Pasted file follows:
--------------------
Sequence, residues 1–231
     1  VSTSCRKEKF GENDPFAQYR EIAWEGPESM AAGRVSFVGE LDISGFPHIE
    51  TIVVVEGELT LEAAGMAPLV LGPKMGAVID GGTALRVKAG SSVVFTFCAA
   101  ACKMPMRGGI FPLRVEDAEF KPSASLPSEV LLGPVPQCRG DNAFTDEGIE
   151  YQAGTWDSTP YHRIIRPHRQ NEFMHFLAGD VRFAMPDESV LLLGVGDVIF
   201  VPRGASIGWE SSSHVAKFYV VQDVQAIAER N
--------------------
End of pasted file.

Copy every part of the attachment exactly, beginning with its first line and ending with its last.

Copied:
Sequence, residues 1–231
     1  VSTSCRKEKF GENDPFAQYR EIAWEGPESM AAGRVSFVGE LDISGFPHIE
    51  TIVVVEGELT LEAAGMAPLV LGPKMGAVID GGTALRVKAG SSVVFTFCAA
   101  ACKMPMRGGI FPLRVEDAEF KPSASLPSEV LLGPVPQCRG DNAFTDEGIE
   151  YQAGTWDSTP YHRIIRPHRQ NEFMHFLAGD VRFAMPDESV LLLGVGDVIF
   201  VPRGASIGWE SSSHVAKFYV VQDVQAIAER N